Growing up Christian I was taught that the ultimate evidence our profession of faith in Christ was genuine and real was whether or not such a profession translated into our outward behavior and choices.
After all these years, that’s something I still believe to be true.
While we individually face decisions and choices every day that reveal whether or not our commitment to Jesus is true and real, each generation seems to find themselves at a moment in history when the authenticity of the entire group is tested… a moment not only in full public view, but one where history itself will forever record whether or not Christians were the people of Jesus, or total frauds.
For my generation, I believe with all my heart that one of those moments is upon is with the 2020 election– and that the witness of the Church itself is one of the issues to be decided.
In light of this moment dawning upon us, here are some timely and critical Christian principles that Christians in America should remember when they are in the voting booth this year:
Christians are called to prioritize the common good-- instead of just their own good.
When Paul instructed the earliest Christians, he gave them a strong directive: they were to reject the notion of rugged individualism where each person focused on their own needs, desires, and liberties, and that instead, Christians were called to be people who prioritized the needs of others:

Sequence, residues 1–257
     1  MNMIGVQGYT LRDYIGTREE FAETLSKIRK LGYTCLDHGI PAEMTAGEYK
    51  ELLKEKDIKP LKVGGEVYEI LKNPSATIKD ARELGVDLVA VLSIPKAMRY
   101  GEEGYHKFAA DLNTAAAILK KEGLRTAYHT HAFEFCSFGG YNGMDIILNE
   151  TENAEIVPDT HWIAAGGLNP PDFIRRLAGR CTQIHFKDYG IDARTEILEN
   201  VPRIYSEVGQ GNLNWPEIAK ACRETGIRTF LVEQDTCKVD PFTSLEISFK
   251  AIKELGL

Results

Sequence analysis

“Do nothing out of selfish ambition or vain conceit. Rather, in humility value others above yourselves, not looking to your own interests but each of you to the interests of the others.” Philippians 2:4
For those of us who profess to be Christians and who long to be loyal to the Christian faith as passed to us from the saints, we are called first and foremost to vote for what is in the common good, instead of what might simply be in our own good.
That means when we go to the ballot box, we need to be thinking of those in our society who are different than ourselves, and who face different life circumstances– and we need to humbly and thoughtfully cast our vote in a way that prioritizes their needs.
Christians are instructed to remember the needs of the poor.
While we are called to prioritize others and vote for the common good, Christians in particular are called to make sure they always remember the needs of the poor. And this isn’t some minor, ancillary part of being a Christian– it is at the foundation of being a Christian.
The Bible gives us some important details on the birth of the early Church. While Jesus of course picked his 12 disciples, later on it was the disciples themselves who picked new ones to welcome into the fold. When Paul was formally welcomed into the group by Peter, James, and John, he was commissioned and sent out as a disciple. Any when he was, the original disciples had one key thing that was of critical importance to them:
“James, Peter, and John, those esteemed as pillars, gave me and Barnabas the right hand of fellowship when they recognized the grace given to me. They agreed that we should go to the Gentiles, and they to the circumcised. All they asked was that we should continue to remember the poor, the very thing I had been eager to do all along.” – Galatians 2:9